And of course our local members are invited to our meeting to hear Burt Kallander speak about Bradbury & Bradbury Art Wallpapers.
Burt left art school to work as a silk-screen artist for a sign company in 1981. In 1985 he was hired by Bradbury & Bradbury Art Wallpapers to mix colors and print. Bruce Bradbury introduced Burt to the 18th century design principles and assigned him to manage the Art Department. There he created such patterns as "Algernon" and "Penelope Border", as well as adapting patterns, hand-cutting separations and developing new color schemes for Bradbury's collection. Burt's responsibilities also involved reproduction work for specific restoration projects. Leaving Bradbury's in 1990, he then returned for almost three years working for Mt. Diablo Handprints. The relatively small size of these companies enabled Burt to develop proficiency in many capacities. He struck out on his own in 1998 but continues to work closely with Bradbury & Bradbury on special projects.
In another exciting first for the Surface Pattern Design Guild, we'll be broadcasting tonight's meeting live. Our members from around the world will be able to join us via the Periscope app. To find out more about how to connect, step over the forums.
We're pleased to announce our next guest, Burt Kallandar of Bradbury & Bradbury Art Wallpapers. At our next meeting Mr. Kallander will speak about the history of wallpaper and where it's going now. He'll also speak of the challenges of owning a small design-centric business, and the struggles and solutions that arise along the way. And of course there will be wallpaper samples to admire!
Since their founding in 1979, Bradbury and Bradbury have become THE purveyor of the sort of elaborate "room sets" you might find in a loving restored San Francisco Painted Lady. You may be surprised then to know that Bradbury & Bradbury's line has now extended to include papers suitable for early to mid 20th century eras, from Art Deco, Atomic Age, and The Mod Generation! They've recently added a Japanese inspired collection too.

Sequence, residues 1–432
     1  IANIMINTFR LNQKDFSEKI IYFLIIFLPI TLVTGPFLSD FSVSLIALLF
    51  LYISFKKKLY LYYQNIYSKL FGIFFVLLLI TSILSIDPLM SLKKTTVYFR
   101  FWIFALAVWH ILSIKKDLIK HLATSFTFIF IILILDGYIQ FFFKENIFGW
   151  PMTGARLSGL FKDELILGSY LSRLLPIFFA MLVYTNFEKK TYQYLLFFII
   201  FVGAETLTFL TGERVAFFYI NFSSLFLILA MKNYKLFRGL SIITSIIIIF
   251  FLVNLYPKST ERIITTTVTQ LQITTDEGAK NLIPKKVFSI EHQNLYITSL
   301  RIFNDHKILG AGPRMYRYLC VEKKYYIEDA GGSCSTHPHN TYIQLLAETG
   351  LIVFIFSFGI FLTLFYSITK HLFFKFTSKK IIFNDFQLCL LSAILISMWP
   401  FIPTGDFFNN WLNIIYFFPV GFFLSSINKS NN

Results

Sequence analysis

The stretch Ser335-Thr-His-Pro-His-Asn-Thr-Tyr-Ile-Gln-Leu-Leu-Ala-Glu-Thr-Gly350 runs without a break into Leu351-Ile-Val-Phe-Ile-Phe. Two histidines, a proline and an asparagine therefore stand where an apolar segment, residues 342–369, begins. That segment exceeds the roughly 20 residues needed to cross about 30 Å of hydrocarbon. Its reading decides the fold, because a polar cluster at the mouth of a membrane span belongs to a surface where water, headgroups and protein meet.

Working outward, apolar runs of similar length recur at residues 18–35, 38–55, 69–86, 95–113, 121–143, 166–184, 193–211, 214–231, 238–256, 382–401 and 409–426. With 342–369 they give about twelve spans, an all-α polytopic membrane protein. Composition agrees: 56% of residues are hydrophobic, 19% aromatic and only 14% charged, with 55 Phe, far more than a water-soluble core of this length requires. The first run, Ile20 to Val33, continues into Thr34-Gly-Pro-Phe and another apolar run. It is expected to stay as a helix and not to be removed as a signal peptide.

At the Fashion and Textile Museum in London is a surface pattern designers dream! The exhibit explores Liberty’s impact on British fashion, from Orientalism and Aesthetic dress in the 19th century, through Art Nouveau and Art Deco in the early 20th century, and the revival of these styles since the 1950s.
Liberty, the iconic London department store, is celebrating it's 140th anniversary this year. Over 150 garments, textiles and objects demonstrate Liberty’s strong relationships with designers since 1875, from Arthur Silver of Silver Studio to collaborations with Jean Muir, Cacharel, Yves Saint Laurent and Vivienne Westwood.
Surface pattern designer and blogger Modflowers has a lovely write up of her private viewing experience of the exhibit with no less a personage than Sarah Campbell! (Look for our upcoming book review of The Collier Campbell Archive) There are several up close photos of exhibits showing initial artists' sketches, alongside the finished designs on clothing. Talk about your ultimate Sketch Chronicle!
Is it too much to hope for an airplane ticket to London in our Christmas stocking?
During this time period computers were not used in the design process. It was all drawing, blowing up the image to life size and laying motifs out. Birtwell’s process specifically was to draw a face, then the garment below, only then would she begin to design the fabric. “Most textile designers don’t think about where the print will end up, how it will work in three dimensions, but Celia always does,” says Linda Watson.
After 10 years in the fast paced fashion world Birtwell’s partnership with Ossie Clark ended in divorce. With 2 sons to raise Birtwell was looking for a change and found the slow process of designing interior textiles fit her perfectly. Celia Birtwell is still going strong, check out her website to see what she is up to now. http://www.celiabirtwell.com/